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Seeing the young men at their various stations showing off their apps during All Star Code’s event reminded me of the many, many times as a teen I participated in similar functions. Even though there were initial hints of nervousness displayed by a few of the teens, all of them pitched their apps with a charm and friendliness that would have made your old-timey corner salesman proud. I remember how youth gave me a sort of superpower—a fearlessness wherein I truly believed in myself because others had put so much faith and belief in my talent and skills.

It wasn’t until I got older and more experienced that I began to fear these sorts of interactions. I’d been an extrovert all of my childhood, yet when I hit my late teens and early 20s, I found myself being fearful in situations I would normally have relished. It was during my 20s when my social anxiety came to the forefront and started “ruining” my childhood pluck and vigor, eventually making me the half-extrovert, half-introvert I am today, writing this column, Antisocial, aka “the society column for people afraid of people due to a somewhat annoying social anxiety disorder.’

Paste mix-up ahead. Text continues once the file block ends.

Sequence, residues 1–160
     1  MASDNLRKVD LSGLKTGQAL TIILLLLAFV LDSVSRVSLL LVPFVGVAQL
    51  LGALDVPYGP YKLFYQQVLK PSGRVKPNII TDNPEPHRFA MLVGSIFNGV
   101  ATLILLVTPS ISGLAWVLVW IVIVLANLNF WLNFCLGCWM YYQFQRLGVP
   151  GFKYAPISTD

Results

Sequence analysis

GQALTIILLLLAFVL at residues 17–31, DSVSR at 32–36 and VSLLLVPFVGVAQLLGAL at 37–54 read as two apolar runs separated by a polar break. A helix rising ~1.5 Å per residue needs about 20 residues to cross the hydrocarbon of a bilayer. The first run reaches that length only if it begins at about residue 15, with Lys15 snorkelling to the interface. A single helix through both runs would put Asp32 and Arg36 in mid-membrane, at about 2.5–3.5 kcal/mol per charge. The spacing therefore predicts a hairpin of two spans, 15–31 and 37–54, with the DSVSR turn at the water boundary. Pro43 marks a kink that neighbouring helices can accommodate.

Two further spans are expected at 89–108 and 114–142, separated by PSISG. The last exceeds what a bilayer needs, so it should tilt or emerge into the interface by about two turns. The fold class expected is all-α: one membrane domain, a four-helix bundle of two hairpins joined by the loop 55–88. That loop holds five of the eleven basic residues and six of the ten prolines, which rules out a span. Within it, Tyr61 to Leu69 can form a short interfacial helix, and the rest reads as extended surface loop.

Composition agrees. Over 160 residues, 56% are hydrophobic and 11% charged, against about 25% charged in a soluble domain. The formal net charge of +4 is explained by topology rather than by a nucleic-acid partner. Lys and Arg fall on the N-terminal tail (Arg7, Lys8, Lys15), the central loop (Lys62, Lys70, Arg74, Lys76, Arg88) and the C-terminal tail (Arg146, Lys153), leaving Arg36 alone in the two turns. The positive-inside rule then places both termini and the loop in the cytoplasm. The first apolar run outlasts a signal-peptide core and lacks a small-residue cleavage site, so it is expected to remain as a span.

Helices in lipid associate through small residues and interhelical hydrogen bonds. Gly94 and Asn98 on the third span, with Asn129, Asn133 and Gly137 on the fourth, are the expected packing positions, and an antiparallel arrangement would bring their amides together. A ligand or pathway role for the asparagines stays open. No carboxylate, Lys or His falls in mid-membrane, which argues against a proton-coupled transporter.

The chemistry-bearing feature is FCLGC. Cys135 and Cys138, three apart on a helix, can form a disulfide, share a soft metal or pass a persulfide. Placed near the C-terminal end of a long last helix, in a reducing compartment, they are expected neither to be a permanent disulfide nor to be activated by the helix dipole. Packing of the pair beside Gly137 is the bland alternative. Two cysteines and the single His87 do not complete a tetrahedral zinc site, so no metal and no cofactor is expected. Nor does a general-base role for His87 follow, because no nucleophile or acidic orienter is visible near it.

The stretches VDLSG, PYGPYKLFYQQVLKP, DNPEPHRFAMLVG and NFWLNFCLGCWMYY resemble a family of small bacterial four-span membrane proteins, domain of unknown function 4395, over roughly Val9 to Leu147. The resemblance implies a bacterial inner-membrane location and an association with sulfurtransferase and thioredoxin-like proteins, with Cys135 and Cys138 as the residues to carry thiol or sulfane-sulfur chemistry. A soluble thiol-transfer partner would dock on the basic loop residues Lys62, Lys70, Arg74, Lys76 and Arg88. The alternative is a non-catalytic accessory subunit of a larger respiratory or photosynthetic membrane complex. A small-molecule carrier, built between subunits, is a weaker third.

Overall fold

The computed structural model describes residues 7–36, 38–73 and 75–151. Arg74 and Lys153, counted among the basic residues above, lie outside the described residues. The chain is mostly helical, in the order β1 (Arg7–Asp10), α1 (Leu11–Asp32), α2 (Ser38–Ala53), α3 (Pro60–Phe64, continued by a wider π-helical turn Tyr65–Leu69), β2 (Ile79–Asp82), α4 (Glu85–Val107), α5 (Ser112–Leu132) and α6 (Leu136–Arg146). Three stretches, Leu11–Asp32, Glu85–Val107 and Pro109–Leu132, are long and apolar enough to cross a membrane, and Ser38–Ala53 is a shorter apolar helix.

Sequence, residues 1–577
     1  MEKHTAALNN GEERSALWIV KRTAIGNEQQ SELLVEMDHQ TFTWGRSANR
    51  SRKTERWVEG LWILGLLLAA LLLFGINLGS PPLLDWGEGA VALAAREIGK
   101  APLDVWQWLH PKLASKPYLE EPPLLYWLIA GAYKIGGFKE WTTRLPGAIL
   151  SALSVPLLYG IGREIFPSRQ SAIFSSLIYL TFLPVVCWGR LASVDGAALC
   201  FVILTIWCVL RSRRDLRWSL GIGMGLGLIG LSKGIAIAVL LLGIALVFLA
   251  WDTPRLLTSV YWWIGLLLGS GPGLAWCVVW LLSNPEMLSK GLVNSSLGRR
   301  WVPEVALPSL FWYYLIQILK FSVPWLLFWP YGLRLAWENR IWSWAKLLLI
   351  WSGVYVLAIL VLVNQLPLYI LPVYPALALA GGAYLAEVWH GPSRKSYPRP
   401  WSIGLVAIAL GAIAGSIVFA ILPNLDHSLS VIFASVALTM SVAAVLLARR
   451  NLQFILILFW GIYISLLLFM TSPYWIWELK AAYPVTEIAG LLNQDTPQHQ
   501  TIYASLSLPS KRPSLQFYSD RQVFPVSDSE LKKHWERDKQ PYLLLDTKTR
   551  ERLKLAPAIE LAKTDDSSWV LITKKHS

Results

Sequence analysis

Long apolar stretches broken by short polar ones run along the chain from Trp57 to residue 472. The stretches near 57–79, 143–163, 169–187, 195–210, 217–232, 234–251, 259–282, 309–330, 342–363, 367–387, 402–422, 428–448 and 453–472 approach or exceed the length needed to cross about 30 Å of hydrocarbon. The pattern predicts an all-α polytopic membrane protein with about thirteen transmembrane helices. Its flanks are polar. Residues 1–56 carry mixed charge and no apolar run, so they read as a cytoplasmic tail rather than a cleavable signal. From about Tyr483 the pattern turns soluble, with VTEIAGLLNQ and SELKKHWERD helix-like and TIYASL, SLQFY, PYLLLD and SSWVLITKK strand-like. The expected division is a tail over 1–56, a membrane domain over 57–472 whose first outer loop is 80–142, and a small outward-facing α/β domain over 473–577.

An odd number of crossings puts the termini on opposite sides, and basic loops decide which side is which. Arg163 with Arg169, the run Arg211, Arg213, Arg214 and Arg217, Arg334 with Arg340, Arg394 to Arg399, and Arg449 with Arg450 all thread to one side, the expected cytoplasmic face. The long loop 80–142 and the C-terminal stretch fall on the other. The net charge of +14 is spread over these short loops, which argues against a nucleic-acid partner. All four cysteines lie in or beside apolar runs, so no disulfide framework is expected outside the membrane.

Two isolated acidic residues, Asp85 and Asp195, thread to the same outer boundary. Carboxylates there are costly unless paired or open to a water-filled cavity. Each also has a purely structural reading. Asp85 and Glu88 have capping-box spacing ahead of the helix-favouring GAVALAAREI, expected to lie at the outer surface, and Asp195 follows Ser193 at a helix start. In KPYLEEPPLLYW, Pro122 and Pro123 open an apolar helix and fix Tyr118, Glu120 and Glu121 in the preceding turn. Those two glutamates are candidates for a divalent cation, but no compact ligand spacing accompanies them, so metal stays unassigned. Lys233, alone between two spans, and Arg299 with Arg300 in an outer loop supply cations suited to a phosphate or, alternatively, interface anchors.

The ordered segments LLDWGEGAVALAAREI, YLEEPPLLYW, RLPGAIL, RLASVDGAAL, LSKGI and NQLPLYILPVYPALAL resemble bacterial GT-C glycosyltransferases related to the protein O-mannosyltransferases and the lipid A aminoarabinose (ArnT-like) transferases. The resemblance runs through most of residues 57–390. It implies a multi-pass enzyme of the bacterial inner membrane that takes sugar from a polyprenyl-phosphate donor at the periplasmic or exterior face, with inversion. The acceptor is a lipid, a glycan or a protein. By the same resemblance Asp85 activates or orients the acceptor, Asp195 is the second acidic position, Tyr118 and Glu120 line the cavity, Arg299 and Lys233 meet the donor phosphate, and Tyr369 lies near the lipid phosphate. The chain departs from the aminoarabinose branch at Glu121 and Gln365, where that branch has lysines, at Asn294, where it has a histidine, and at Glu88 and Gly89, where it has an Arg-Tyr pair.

Since I know only one way to solve a problem (to confront it), I go to events—the thing I fear—and engage with people head-on, at times to mixed results. Sometimes I’m successful, like with these teens I met on Wednesday. And sometimes I’m the cat that climbed up the tree, only to get stuck there and in need of a little help getting down.

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At All Star Code’s fifth-anniversary event, I was both.


All Star Code honoree Demma Rose Rodriguez of Google, former New York City Mayor David Dinkins and All Star Code’s Christina Lewis
Photo: Mina Magda (BFA)